This is a follow-up on two previous entries that discuss the fixed indexed annuity study from Wharton Professor David Babbel.
The previous and related posts can be found here and here. Proper attribution, disclaimers and context for the study are discussed in these previous posts. It is worth noting again that the study and its slides are not intended to be used with any sales presentations.
This first set of slides looks at the performance of two fixed indexed annuities compared to a portfolio of stocks and bonds since 1995. Some context and assumptions are as follows:
The first set of slides looks at the performance of the 14 year annuity. Results begin in 1995 and can be seen in this slide for the full period ending in 2007:
Looking at specific years as start dates can highlight the dramatic impact that sequence of returns risk can have on results. For example, consider the comparative performance of the annuity if the starting year is 2000 which--in retrospect of course--represents the height of the NASDAQ bubble:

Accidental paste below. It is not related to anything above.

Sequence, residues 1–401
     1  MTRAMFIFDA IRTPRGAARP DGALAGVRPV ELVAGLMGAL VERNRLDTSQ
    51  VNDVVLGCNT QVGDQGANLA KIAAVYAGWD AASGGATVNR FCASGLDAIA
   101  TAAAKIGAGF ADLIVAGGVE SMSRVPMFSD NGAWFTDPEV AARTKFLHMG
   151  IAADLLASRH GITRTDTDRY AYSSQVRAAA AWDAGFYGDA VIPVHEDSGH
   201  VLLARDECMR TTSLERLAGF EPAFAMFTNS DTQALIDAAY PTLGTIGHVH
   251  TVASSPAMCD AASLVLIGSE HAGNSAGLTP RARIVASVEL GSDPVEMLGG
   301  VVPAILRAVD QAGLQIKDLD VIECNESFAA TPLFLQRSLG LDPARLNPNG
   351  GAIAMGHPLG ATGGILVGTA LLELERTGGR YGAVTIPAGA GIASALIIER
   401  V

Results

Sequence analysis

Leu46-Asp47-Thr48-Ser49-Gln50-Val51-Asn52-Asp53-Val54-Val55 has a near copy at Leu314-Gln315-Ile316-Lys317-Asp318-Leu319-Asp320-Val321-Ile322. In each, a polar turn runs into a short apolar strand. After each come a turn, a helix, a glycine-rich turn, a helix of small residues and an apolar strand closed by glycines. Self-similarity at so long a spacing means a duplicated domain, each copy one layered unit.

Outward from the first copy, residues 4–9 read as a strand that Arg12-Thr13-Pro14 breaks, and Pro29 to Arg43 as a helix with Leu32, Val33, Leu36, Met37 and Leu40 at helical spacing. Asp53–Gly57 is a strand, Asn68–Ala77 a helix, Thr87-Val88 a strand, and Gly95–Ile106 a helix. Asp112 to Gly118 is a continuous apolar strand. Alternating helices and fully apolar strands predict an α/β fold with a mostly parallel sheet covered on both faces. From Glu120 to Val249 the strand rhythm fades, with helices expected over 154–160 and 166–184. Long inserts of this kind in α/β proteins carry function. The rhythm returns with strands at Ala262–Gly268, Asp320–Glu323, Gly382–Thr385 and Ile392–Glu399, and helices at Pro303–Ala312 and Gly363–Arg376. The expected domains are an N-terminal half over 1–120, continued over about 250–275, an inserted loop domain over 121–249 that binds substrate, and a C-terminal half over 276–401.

Similarly, consider the performance disparity if the start dates are at the height of the liquidity/real estate bubble in either 2006 or 2007:
Next, results for the 9 year annuity are similar, although not quite as dramatic since they do not carry through the market implosion beginning in 2008:
Last, the next 3 slides look at a comparison of the annualized return of each of the three options: the 14 year annuity, the 9 year annuity, and each of the investment alternatives. For the fixed indexed annuities, the annualized return is the premium bonus rate credited at the outset.
As seen in the following slide (which provides what is probably the most dramatic example of the effects of sequence of returns risk), there is more than a 45% difference between the annualized return of the 14 year fixed indexed annuity and the S&P 500 index over a 1 year period beginning on January 1, 2008:
The next two slides display annualized returns for each of the fixed indexed annuities over the full time span: